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351 Phil. 960


[ G.R. No. 113774, April 15, 1998 ]




In this petition for certiorari under Rule 65 of the Rules of Court, petitioners seek to annul the Decision dated 18 August 1993 of the public respondent National Labor Relations Commission (NLRC) in the case docketed as NLRC-NCR Case No. 00-01-00581-92; and its Order dated 30 September 1993 denying herein petitioners’ motion for reconsideration of the above decision.

The antecedents facts of this case as found by the public respondent NLRC are as follows:

Petitioners Carlito Garcia, Eduardo Roan, Alberto Reyes, and Abel Gonzalez were sales employees at the Bagumbayan Sales Office of private respondent Coca-Cola Bottlers Phils., Inc. (CCBPI, for brevity).

In the morning of 11 November 1991, Jess M. Bangsil, Regional Sales Manager of Coca-Cola Bottlers Phils. at their Bagumbayan Sales Office in Libis, Quezon City, was informed by Alex J. Topacio, District Sales Supervisor, that the above-named petitioners had locked themselves in the comfort room of the conference hall located on the third floor of the said sales office. Thereupon, Bangsil directed security guard Ronaldo B. Beltran to accompany him to the aforesaid comfort room, and together, they knocked on the door. After two (2) minutes Alberto Reyes opened the door. As he was coming out of the room, Bangsil observed a thick cloud of smoke inside. Abel B. Gonzalez came out next, followed by Eduardo J. Roan. Bangsil proceeded inside the comfort room and was surprised to see Carlito Garcia attempting to hide the door. Bangsil asked Garcia what the four of them were doing inside the comfort room, and the latter replied, “Boss, may pinag-uusapan lang kami.”[1]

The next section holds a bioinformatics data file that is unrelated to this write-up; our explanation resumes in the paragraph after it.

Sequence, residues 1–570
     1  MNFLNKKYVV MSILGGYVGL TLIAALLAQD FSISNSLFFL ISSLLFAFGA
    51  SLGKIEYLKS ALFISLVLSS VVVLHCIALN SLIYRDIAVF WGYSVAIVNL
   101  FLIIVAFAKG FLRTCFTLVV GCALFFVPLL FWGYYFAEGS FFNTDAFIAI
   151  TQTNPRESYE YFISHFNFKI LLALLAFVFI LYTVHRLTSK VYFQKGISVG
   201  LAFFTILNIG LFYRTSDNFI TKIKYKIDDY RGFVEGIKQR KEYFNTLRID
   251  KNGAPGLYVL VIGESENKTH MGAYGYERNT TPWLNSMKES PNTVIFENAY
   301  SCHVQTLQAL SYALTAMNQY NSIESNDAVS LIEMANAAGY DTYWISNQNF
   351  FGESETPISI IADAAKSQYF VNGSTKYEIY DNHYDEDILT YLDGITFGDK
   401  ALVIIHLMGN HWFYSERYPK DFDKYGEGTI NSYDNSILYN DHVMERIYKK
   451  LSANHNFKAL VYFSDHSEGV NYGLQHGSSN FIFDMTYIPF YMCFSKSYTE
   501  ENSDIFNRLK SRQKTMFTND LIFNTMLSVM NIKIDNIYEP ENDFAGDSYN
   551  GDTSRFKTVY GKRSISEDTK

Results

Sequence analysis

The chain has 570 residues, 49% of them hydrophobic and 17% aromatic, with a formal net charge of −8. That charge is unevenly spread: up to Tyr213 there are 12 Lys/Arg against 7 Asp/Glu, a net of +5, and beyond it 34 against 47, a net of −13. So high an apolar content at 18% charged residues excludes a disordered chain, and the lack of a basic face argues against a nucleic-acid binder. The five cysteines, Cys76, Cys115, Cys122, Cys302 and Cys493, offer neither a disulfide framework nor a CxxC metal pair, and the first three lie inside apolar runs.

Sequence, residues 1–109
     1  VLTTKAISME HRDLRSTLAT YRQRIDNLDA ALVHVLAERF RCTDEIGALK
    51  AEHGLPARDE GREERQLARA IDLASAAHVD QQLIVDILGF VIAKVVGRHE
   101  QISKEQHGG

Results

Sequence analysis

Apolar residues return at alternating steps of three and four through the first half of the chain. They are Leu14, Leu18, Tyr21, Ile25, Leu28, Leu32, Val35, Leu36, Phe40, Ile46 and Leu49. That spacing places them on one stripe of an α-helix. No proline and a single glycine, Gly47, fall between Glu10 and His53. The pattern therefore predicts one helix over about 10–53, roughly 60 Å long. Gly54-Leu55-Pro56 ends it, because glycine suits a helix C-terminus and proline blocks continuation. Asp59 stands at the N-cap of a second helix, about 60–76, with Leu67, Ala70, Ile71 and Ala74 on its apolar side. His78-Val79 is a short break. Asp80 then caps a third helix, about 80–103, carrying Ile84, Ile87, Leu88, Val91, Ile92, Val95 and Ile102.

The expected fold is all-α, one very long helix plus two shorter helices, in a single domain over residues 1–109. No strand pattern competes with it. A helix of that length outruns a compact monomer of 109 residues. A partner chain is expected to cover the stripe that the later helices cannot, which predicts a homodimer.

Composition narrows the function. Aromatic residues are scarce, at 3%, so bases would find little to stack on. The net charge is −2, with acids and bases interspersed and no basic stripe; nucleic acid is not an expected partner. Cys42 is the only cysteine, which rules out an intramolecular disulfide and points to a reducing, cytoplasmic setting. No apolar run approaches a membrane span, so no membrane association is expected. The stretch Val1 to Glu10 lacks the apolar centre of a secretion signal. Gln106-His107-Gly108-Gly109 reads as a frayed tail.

Bangsil continued to inspect the room and found a cigarette lighter, pieces of cotton string, a ballpen tip, and cigarette aluminum foil containing some whitish substance, near the awning window. Bangsil, likewise, observed that petitioners were acting “rather strangely,” hence, he instructed them to proceed to the Sales Office Clinic for medical examination. Petitioners complied. However, Dr. Albuquerque M. Lopez, Jr., the CCBPI company doctor assigned to the Bagumbayan Sales Office, did not proceed with the urine examination as he was informed by the sales office nurse, Ma. Concepcion Raz, that the urine samples submitted by petitioners were adulterated with water and/or were not actually petitioners’ urine samples. A sales office janitor, one Elvin C. Ganados, subsequently executed an affidavit that he was coerced by petitioner Garcia to urinate in a small bottle provided by the latter.

That same day, Bangsil issued a memorandum informing petitioners that they were grounded effective 12 November 1991 pending the investigation of their case.

The next day, or on 12 November 1991, Dr. Lopez, again requested for new urine samples from the petitioners, but the latter allegedly refused to have their urine samples taken.

Meanwhile, the cigarette aluminum foil containing the whitish substance was sent to the National Bureau of Investigation (NBI) for analysis. On 19 November 1991, the NBI issued a certification to the effect that the white crystalline substance was not, did not contain Methamphetamine Hydrochloride (popularly known as Shabu.[2]